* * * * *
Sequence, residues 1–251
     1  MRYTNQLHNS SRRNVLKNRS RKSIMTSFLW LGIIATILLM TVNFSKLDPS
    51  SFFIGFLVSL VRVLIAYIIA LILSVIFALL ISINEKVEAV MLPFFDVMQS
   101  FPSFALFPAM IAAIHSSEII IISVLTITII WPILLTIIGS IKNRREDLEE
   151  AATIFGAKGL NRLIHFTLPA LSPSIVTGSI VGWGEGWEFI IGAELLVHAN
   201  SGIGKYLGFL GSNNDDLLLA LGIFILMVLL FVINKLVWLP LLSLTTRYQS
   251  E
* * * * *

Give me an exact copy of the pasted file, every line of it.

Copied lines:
Sequence, residues 1–251
     1  MRYTNQLHNS SRRNVLKNRS RKSIMTSFLW LGIIATILLM TVNFSKLDPS
    51  SFFIGFLVSL VRVLIAYIIA LILSVIFALL ISINEKVEAV MLPFFDVMQS
   101  FPSFALFPAM IAAIHSSEII IISVLTITII WPILLTIIGS IKNRREDLEE
   151  AATIFGAKGL NRLIHFTLPA LSPSIVTGSI VGWGEGWEFI IGAELLVHAN
   201  SGIGKYLGFL GSNNDDLLLA LGIFILMVLL FVINKLVWLP LLSLTTRYQS
   251  E